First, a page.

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Doesn't our perception of light also depend on the biology of our retinal mechanisms like rods and cones? The mantis has 16 pairs of rods and cones, so the visibility spectrum for them will be different.


Is there a sudden visual change between visible light and invisible light (like we can see all light with wavelength 700nm, but cannot see any light with 701nm)? If so, what is the reason behind this phenomenon?


I believe that cones have 3 different photopigments that responds to different region of the visible spectrum. Rods only has 1 so it can only detect light/no light.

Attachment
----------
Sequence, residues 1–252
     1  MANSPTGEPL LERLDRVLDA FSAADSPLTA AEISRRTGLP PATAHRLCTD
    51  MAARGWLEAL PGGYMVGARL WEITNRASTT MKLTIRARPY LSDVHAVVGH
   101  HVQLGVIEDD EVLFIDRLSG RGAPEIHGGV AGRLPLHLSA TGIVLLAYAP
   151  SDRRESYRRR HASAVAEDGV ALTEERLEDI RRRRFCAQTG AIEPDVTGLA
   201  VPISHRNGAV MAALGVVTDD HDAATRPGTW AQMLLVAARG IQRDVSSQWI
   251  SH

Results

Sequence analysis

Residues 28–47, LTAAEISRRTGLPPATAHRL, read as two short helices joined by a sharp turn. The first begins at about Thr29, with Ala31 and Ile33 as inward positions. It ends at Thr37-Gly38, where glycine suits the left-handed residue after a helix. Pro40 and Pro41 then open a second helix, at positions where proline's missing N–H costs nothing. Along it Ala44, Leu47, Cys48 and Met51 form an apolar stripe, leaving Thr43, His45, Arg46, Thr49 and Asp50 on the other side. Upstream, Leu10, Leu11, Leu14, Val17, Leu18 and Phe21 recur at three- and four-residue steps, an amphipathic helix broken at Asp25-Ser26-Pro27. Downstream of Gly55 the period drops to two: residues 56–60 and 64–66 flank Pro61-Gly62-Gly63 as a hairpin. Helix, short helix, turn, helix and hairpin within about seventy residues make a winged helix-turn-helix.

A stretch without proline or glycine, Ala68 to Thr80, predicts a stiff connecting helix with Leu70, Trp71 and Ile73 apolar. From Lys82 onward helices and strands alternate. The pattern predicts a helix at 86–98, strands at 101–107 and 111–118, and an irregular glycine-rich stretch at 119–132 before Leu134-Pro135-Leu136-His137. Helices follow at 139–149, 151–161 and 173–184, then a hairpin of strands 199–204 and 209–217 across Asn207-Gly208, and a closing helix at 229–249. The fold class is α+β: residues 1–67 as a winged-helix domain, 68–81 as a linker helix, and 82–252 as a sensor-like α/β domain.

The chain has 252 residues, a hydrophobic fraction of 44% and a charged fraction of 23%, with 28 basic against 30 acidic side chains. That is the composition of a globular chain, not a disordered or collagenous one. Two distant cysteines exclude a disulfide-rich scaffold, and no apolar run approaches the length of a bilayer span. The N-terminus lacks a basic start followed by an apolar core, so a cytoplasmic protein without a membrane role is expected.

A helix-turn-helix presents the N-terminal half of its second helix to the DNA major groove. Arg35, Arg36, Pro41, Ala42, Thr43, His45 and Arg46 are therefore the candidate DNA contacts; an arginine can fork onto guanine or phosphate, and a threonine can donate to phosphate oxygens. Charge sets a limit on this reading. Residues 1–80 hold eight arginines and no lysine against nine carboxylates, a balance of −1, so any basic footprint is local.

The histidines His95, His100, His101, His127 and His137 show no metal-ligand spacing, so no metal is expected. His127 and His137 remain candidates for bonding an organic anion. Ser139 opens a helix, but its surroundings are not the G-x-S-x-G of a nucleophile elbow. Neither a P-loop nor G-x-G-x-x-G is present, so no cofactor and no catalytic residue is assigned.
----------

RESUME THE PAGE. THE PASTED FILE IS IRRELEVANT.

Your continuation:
@BellaJ The range we can see depends entirely on our biology. Other creatures (and digital sensors) will have a different range of visible frequencies. But we still use the term “visible spectrum” to refer to the range of frequencies (roughly) visible to humans.


@yongchi1 It’s a gradual drop off, not a sudden one: as we approach the end of the visible range, the response tapers off to zero.


Among humans, how varied is the range for the visible spectrum? What factors cause differences between humans in their visible ranges - for example, does age affect the spectrum you can see?